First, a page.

Zaha Hadid Architects (ZHA) and Aecom began designing the stadium back in March 2013. Located in the city of Al Wakrah, 23km south of Doha and connected to the capital via the Red Line of new Doha Metro system, the stadium is one of the venues for the 2022 World Cup and will host the group and quarter-final matches of the tournament.
Some 40,000 seats were included in the brief for the stadium, with the possibility of reducing to a 20,000 seat capacity in its legacy mode after the tournament. The temporary seats are demountable and transportable to a developing country in need of sporting infrastructure for post-tournament usage.
The stadium’s operable roof was designed by Schlaich Bergermann Partner, along with a seating bowl cooling system, to ensure the stadium can be used during the summer months. The roof was designed with pleated PTFE fabric and cables and when deployed, the roof operates like a sail to cover the oculus above the pitch, providing shelter.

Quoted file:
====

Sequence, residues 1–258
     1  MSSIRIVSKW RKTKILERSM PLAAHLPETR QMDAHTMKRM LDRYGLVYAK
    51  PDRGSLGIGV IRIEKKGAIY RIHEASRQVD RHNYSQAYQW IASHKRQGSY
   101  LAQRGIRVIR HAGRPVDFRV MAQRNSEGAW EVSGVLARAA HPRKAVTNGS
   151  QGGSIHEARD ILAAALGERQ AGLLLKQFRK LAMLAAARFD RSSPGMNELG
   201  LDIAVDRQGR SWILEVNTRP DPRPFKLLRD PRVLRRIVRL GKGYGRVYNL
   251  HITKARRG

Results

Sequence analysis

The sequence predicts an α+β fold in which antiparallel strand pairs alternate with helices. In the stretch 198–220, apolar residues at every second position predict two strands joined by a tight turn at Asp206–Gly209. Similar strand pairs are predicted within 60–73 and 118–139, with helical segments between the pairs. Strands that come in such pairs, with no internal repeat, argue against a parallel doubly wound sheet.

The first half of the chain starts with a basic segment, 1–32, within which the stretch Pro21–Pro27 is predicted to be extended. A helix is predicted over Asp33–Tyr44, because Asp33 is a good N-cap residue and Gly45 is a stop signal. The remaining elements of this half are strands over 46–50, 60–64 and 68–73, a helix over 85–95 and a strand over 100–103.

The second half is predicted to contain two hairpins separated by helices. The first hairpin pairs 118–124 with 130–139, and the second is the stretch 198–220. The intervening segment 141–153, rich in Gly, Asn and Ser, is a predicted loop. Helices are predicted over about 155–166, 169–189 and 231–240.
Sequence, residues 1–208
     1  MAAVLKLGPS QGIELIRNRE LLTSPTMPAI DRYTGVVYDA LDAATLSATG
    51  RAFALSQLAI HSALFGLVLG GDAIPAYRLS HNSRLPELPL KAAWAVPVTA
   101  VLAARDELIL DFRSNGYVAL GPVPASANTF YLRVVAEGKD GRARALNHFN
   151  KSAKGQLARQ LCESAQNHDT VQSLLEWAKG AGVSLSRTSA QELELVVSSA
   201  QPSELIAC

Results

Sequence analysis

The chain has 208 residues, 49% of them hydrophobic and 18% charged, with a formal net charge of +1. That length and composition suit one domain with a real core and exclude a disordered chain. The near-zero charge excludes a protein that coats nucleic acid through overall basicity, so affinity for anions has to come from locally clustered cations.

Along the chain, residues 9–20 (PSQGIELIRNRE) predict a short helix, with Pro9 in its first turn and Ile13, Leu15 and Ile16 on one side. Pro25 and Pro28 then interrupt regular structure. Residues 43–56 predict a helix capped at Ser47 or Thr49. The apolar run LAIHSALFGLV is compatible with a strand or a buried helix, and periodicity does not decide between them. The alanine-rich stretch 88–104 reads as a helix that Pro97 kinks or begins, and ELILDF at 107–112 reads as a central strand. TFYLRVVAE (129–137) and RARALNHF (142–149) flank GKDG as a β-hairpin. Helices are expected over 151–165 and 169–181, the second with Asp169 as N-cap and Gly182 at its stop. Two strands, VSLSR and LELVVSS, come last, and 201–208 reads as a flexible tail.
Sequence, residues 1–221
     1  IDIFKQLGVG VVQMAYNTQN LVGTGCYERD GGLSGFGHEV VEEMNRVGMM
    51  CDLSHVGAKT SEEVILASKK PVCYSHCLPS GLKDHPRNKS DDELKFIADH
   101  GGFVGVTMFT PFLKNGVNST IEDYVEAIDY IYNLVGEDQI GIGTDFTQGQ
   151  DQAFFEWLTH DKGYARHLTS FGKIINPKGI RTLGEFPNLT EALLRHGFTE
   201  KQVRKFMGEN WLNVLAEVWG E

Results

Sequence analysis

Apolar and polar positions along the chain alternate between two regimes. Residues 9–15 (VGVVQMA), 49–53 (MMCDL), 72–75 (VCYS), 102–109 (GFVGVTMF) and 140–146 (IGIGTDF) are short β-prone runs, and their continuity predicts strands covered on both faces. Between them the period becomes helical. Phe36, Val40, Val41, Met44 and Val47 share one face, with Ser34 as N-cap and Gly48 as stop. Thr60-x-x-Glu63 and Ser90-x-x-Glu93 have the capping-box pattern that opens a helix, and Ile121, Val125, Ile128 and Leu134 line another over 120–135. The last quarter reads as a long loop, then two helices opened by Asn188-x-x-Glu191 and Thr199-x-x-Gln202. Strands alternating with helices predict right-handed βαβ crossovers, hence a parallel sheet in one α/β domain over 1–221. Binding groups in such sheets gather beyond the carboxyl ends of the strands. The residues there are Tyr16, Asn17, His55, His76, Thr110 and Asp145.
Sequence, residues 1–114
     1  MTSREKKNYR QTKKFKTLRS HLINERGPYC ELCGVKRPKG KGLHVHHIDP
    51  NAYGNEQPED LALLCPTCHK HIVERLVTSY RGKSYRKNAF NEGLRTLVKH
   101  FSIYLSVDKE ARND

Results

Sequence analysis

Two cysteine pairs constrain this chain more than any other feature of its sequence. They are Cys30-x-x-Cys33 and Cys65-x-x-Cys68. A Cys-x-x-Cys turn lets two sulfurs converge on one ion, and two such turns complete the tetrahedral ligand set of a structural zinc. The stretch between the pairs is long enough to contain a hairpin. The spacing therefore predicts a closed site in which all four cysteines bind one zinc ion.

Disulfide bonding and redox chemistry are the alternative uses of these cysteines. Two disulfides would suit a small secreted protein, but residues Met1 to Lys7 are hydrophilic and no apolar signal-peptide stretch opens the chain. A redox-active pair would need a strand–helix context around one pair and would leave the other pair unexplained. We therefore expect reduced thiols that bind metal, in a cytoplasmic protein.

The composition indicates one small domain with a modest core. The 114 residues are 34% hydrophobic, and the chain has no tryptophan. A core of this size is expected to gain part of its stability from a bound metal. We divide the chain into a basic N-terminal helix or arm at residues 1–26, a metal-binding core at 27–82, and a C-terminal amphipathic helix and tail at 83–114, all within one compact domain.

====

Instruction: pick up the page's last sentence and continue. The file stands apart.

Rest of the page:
The client asked for the design to reflect the maritime traditions and history of the coastal city. ZHA incorporated the cultural references, combining them with the functional requirements of the stadium and climate. The roof’s design abstractly shows the hulls of dhows turned upside-down and huddled together to provide shade and shelter. This is expressed through the stadium’s envelope geometry, details and selected materials to echo the interior structure of a dhow’s hull. Continuing with the cultural elements within the design, the facade slants outwards, tapered in elevation, as a reminder of the pleating of a dhow’s sails.
Emphasising the stadium’s unique geometry, the opaque roof and walls are expressed as pleated cross sections. The origins of this feature lies in Arabic motifs and calligraphy, adding texture to the outer shell.
The external building’s colour scheme complements its geometric forms with the roof cladding and opaque surfaces above the eaves being white or off-white with a gloss finish that is reminiscent of sea shells.
The lattice screen print of the lower-level facades are a metallic bronze colour to add a sense of depth to the design and offers respect to the traditions and artistry of Islamic craftsmanship.